One can have the typical baseball fan’s attitude about time and story-telling, or cultivate the perspective of my friend. To the typical fan – "John from the Bronx" in the middle of the night on WFAN – individual moments are invested with momentous importance of great triumph or catastrophic defeat. A good job interview, a promotion, a compliment received becomes a positive referendum on the self, the opposite a disastrous affirmation of failure. The former may not seem so terrible, except when the referendum goes bad: the job interview didn’t go as well as you had thought; your co-worker was promoted to an even better job; the compliment followed by a verbal twist of the knife. We can be nourished by the moment, gaining strength from successes, even if only temporary and apparent, and learn lessons from failures as well. But when they become more than that – definitive snapshots of ourselves placed on our psychic mantles – we are guilty of misusing the moment. In the days of social media, we engage in obsessive quests for those mini referenda on the self – the count of followers on twitter and facebook friends. But obsessing in this way is a sure sign that we are not aware – or avoiding – the demands of the larger story.

To view a temporary success as defining shows a failure to see the whole season, and to see how our lives are not always subject to our control.

For the baseball fan, to view a temporary success as defining – "it’s great to be on top again" – or the converse – "it’s all over now"– shows a failure to see the whole season, and, in the larger picture, to see how our lives and stories are not always subject to our control. Investing a particular moment or choice with ultimate significance is a kind of contemporary idolatry, a belief in the power of the self or money or your boss, or whatever you may happen to believe is the determining factor of your life. Acknowledging that there are other variables, maybe even an infinite number, is the first step to recognizing the divine, and the role of (what sometimes get simplified) as providence.

Milton got it right when in Paradise Lost, he calls Adam and Eve "authors to themselves," but also refers to God as the "Author of all Things." The philosophers might object to Milton’s contradiction, but the paradox tries to make sense of a world in which the creative self and a knowing God co-exist. We live in the moment, and narrate the story or various strands of the different stories that make up our lives. But that story is dependent upon another story – which we do not always fully know – that composed by the "Author of All Things." To recognize the place in that larger story is to move past the sensibility expressed in the contemporary mantra, ‘people make choices.’ To be sure, we do make choices, but those choices do not always lead to results we anticipate.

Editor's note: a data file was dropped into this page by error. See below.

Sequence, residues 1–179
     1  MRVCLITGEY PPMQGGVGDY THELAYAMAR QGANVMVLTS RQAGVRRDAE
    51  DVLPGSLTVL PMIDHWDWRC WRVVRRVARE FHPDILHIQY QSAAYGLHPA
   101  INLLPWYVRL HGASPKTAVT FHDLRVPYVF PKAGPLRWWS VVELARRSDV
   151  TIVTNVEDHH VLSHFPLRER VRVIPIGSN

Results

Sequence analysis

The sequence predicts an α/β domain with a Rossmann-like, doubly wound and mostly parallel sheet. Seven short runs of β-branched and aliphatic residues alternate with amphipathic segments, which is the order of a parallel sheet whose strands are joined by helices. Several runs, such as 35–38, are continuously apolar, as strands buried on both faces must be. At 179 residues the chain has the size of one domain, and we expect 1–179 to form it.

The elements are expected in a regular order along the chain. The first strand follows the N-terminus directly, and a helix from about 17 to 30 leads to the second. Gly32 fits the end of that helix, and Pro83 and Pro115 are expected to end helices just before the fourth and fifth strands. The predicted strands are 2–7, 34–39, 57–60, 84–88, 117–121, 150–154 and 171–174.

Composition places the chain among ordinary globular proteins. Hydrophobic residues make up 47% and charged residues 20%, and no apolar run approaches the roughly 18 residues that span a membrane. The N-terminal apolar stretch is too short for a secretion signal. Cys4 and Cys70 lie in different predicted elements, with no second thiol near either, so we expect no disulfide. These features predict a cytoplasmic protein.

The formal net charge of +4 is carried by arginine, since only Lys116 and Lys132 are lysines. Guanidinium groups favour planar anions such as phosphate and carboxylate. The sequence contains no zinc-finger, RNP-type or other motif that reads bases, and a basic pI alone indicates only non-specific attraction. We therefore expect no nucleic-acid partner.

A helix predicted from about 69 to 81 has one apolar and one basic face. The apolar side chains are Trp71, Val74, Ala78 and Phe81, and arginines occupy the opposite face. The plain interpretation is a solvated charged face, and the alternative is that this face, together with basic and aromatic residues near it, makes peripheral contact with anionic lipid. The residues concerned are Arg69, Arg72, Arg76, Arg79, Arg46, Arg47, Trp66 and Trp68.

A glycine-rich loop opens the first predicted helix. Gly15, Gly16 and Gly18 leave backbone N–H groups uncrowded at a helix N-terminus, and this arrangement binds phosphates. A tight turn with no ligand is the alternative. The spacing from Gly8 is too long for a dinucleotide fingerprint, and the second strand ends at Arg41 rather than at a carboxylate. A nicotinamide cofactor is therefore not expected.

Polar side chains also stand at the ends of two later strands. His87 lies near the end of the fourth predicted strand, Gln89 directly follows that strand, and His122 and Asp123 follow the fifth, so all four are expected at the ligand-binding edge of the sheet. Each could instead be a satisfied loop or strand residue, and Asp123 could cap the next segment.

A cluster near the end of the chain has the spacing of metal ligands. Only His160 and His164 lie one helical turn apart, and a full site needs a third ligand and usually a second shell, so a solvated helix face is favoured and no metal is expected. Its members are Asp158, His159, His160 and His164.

So as baseball fans, we may relish the moment – "the Mets win!" – but also understand that it’s just a passing moment in time, part of a whole season. As Jews we realize that we make choices and live in the moment with all of the intensity which it demands, while never losing sight of the larger frame, how our own stories fit into the larger and precedent stories of which there is only one sole Author. So the "big game" may offer thrills of victory or agonies of defeat, but we have to remember that, in the end, it is a long season.

Excerpted from Open Minded Torah by William Kolbrener. In Open Minded Torah, William Kolbrener offers a voice advocating renewed Jewish commitment and openness for the twenty-first century. In essays as likely to turn to baseball, the NASDAQ and Denzel Washington as to Shakespeare, quantum physics and psychoanalysis, Kolbrener provides powerful—and often surprising—insights into how open mindedness allows for authentic Jewish engagement.